Though, I suspect they thought that Kamala being sworn in mid-term wasn't too bad either.

          I still have a bet with a co-worker that he won't make it to mid-term. Those drugs he gets to prop him up will stop working sooner or later or the side-effects will show.

          1. Sherrie Ludwig

            Re: The White House declares and outs itself ..... in a crazy directive

            I have been posting a wager on social media, which none of you trumpers have taken: I bet $1000 US dollars that Trump will NOT be "reinstated" or "returned to power" at the White House by Aug 13, as the pillow guy has been hollering. Hell, I'll give it to Aug. 31st. On August 31, we meet (loser pays their own way) and one of us walks away with ten $100 bills. Otherwise, all you trumpers concede, aver, and maintain you are gutless, inverted-weenie scum suckers who are desperately hoping there is someone dumber than you who might actually swallow that codswallop.

            So, Rainer, I'll take that bet about Biden making it to midterm. I'll even make it for that same $1000, same terms. I live in the US Midwest. Deal? Or do you concede,, aver,,,etc.?

            1. Ordinary Donkey

              Re: The White House declares and outs itself ..... in a crazy directive

              If you'll step outside your social media bubble for five minutes you'll find the vast majority of Trump supporters never made that claim in the first place, so I'm not surprised you don't have any takers.

              Online betting is illegal in my current location or I'd propose a counter-offer about the midterms. Or do you think that Trump is currently touring every electoral region in the USA as an inefficient means of making a few dollars?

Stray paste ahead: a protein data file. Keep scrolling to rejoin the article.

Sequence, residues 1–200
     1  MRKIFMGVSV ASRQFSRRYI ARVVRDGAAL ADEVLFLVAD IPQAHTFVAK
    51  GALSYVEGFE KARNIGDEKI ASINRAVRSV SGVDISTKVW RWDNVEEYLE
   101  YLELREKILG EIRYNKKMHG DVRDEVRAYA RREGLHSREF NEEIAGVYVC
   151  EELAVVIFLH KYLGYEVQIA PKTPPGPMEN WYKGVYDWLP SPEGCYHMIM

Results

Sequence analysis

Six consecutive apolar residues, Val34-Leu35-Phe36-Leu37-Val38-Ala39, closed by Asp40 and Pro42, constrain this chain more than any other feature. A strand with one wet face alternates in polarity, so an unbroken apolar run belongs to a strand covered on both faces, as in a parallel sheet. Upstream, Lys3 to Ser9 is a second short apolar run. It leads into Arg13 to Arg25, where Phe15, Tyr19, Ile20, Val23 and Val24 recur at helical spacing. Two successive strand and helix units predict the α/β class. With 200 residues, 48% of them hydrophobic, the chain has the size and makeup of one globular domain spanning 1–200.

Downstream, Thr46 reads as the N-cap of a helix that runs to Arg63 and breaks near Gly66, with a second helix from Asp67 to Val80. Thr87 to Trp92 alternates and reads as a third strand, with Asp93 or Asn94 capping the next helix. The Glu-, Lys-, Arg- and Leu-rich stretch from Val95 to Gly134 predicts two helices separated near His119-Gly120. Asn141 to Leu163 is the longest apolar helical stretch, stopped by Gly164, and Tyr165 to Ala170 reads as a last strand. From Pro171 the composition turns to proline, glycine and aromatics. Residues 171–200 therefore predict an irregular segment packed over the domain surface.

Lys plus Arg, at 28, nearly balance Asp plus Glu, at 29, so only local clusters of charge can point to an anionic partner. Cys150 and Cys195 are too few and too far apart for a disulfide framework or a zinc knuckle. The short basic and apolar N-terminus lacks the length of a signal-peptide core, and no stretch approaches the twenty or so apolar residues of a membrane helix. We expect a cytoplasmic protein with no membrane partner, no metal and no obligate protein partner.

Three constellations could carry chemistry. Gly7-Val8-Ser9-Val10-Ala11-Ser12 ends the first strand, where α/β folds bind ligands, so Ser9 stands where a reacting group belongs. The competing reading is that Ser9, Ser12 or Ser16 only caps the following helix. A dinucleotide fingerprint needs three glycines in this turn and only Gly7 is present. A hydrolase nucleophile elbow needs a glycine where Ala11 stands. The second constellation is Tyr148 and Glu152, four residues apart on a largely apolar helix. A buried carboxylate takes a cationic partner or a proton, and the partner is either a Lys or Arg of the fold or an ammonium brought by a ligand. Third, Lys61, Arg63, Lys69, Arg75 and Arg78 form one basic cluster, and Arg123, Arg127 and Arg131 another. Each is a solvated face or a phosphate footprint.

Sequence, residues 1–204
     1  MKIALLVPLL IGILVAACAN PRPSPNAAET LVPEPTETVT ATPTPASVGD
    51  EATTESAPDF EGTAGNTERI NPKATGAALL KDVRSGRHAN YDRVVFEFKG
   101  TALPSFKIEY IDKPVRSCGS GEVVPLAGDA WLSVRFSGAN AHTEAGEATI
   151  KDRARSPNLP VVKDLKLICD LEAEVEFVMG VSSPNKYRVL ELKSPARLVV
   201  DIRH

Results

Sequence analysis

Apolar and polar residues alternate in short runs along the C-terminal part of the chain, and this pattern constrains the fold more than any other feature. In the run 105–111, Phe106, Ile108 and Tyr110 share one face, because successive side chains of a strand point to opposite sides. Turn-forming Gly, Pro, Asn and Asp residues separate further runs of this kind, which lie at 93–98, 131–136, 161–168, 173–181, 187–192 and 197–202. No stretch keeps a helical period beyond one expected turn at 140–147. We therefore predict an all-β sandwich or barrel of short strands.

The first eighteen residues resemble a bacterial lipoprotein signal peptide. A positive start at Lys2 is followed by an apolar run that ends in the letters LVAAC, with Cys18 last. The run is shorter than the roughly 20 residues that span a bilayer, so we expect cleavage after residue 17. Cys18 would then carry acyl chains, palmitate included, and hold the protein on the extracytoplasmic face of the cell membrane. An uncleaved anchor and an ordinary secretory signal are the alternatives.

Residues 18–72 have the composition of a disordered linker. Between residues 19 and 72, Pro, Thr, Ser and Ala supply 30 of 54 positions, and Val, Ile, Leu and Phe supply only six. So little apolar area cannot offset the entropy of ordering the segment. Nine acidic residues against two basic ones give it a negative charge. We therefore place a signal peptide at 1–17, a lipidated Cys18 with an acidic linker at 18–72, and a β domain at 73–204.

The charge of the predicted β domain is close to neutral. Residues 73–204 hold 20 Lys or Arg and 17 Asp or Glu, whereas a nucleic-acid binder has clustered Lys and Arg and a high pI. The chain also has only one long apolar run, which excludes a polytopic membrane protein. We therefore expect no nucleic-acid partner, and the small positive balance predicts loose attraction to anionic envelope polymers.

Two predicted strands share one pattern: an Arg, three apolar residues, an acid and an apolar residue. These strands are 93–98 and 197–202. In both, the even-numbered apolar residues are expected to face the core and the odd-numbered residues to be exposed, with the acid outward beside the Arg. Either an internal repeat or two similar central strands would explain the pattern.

1. Sherrie Ludwig

                Re: The White House declares and outs itself ..... in a crazy directive

                @Ordinary Donkey

                Twitler's anointed, endorsed candidate just lost a runoff election for a Texas house seat (she is the wife of the late office-holder, usually a shoo-in for GOP voters) to another Republican, in a deep GOP area. I hope and pray this is another example of, as the book title has it, "Everything Trump Touches, Dies". He nearly killed the USA, by unchecked epidemic and then by attempted coup.

                Yes, I think {Twitler} is touring as an inefficient means of making a few dollars - he is using the slush fund of campaign dollars sent by his suckers, so it isn't costing him anything, AND he's getting the strokes his pathetic, yawning maw of an ego desperately needs. Besides, he is completely bollocks at being a businessman, so why should this be any different?